Image_4_Brain Development From Newborn to Adolescence: Evaluation by Neurite Orientation Dispersion and Density Imaging.JPEG (1.31 MB)
Download file

Image_4_Brain Development From Newborn to Adolescence: Evaluation by Neurite Orientation Dispersion and Density Imaging.JPEG

Download (1.31 MB)
figure
posted on 15.03.2021, 04:10 by Xueying Zhao, Jingjing Shi, Fei Dai, Lei Wei, Boyu Zhang, Xuchen Yu, Chengyan Wang, Wenzhen Zhu, He Wang

Neurite orientation dispersion and density imaging (NODDI) is a diffusion model specifically designed for brain magnetic resonance imaging. Despite recent studies suggesting that NODDI modeling might be more sensitive to brain development than diffusion tensor imaging (DTI), these studies were limited to a relatively small age range and mainly based on the manually operated region of interest analysis. Therefore, this study applied NODDI to investigate brain development in a large sample size of 214 subjects ranging in ages from 0 to 14. The whole brain was automatically segmented into 122 regions. The maturation trajectory of each region was characterized by the time course of diffusion metrics and further quantified using nonlinear regression. The NODDI-derived metrics, neurite density index (NDI) and orientation dispersion index (ODI), increased with age. And these two metrics were superior to the DTI-derived metrics in SVM regression models of age. The NDI in white matter exhibited a more rapid growth than that in gray matter (including the cortex and deep nucleus). These diffusion indicators experienced conspicuous increases during early childhood and the growth speed slowed down in adolescence. Region-specific maturation patterns were described throughout the brain, including white matter, cortical and deep gray matter. These development patterns were evaluated and discussed on the basis of NODDI’s model assumptions. To summarize, this study verified the high sensitivity of NODDI to age over a crucial developmental period from newborn to adolescence. Moreover, the existing knowledge of brain development has been complemented, suggesting that NODDI has a potential capability in the investigation of brain development.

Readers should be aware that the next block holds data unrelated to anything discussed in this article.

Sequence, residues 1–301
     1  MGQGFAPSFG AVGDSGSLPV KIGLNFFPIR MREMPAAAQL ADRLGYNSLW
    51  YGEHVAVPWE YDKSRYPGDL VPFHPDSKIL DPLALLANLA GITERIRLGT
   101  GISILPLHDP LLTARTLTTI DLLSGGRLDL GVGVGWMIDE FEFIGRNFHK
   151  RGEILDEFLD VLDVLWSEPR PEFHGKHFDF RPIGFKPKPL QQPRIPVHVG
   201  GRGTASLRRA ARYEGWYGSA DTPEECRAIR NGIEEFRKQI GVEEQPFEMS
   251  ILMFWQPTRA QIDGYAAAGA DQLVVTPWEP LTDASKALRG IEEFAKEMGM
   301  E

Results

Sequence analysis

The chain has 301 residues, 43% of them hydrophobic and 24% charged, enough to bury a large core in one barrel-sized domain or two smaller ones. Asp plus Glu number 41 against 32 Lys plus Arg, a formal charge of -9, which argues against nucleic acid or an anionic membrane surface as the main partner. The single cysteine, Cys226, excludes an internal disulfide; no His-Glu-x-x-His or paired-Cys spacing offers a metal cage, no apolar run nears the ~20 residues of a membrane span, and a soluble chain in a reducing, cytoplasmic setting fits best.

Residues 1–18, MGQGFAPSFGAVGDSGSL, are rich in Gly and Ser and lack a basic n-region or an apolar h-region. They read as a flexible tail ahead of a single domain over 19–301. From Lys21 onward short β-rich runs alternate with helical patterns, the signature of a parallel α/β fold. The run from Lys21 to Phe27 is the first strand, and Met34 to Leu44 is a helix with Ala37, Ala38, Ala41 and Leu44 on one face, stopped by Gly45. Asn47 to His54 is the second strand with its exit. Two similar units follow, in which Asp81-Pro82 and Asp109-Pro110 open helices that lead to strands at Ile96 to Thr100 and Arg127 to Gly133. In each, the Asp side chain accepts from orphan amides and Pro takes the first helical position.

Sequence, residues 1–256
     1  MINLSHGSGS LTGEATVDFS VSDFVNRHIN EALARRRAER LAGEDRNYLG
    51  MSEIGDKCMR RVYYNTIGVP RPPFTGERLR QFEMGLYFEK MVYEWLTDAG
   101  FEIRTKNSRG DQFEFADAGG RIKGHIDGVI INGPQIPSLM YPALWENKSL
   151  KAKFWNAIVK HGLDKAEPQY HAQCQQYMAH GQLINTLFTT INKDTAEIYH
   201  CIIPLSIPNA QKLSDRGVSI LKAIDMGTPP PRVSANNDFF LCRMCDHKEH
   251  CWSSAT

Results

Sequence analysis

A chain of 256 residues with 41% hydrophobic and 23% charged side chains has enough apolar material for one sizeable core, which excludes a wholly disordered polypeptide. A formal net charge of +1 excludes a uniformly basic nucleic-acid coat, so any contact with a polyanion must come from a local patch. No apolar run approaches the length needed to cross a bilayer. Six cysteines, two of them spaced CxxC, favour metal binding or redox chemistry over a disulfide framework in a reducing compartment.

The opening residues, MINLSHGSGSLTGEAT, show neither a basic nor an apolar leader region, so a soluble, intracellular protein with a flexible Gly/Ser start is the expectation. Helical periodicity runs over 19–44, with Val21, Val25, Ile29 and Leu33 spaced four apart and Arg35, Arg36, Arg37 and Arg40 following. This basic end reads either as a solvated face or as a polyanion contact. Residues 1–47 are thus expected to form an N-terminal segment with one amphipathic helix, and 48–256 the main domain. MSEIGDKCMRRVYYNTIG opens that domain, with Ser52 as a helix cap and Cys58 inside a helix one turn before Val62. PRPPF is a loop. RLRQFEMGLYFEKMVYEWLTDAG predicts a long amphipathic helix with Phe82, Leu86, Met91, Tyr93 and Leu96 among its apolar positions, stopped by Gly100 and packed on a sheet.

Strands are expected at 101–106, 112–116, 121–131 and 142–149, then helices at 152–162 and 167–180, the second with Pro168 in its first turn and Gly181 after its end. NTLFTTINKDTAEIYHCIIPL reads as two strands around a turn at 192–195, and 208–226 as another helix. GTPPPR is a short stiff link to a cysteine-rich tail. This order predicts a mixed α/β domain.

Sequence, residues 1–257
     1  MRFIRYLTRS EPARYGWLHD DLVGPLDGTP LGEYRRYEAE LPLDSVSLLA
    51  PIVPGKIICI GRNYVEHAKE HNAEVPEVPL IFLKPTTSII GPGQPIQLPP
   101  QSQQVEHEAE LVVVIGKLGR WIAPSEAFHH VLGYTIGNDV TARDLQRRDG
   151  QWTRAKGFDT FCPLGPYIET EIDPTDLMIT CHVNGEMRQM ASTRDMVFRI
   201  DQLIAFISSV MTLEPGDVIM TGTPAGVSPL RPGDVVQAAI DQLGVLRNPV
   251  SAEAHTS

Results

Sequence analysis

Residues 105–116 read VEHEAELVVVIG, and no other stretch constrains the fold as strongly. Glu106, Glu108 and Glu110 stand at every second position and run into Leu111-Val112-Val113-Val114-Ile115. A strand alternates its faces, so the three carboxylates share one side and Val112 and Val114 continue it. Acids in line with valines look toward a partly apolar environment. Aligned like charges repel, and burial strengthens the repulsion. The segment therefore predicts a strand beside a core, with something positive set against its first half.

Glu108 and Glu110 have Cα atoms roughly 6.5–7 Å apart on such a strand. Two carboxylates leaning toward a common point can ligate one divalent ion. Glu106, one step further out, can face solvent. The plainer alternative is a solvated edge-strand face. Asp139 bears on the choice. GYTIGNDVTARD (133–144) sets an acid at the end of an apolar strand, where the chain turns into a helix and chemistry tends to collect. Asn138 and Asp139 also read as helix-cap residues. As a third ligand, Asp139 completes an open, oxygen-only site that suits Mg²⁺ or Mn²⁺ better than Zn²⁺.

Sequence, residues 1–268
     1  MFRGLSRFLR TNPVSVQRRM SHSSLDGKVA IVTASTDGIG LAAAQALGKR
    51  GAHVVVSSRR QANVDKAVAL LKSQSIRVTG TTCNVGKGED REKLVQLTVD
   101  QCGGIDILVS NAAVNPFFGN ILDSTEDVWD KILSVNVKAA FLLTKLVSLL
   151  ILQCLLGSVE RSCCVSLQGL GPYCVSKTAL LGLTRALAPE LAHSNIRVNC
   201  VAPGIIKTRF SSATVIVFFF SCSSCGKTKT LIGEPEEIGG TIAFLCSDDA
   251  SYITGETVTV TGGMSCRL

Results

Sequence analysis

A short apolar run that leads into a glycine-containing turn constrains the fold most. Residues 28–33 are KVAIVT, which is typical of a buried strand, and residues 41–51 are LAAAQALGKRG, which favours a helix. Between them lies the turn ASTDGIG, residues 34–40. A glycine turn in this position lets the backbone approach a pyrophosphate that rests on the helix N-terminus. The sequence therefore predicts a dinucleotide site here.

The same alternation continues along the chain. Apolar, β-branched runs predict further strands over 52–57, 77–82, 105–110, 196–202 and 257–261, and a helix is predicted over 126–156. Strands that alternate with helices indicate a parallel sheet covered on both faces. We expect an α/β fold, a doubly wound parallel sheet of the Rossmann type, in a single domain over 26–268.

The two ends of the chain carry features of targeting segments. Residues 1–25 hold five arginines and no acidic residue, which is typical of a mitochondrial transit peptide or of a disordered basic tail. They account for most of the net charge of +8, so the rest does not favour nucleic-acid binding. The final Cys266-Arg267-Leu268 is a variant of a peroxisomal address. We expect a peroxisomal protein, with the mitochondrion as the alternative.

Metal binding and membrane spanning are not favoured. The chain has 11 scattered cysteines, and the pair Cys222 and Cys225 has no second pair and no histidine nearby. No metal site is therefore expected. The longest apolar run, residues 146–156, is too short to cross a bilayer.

History

References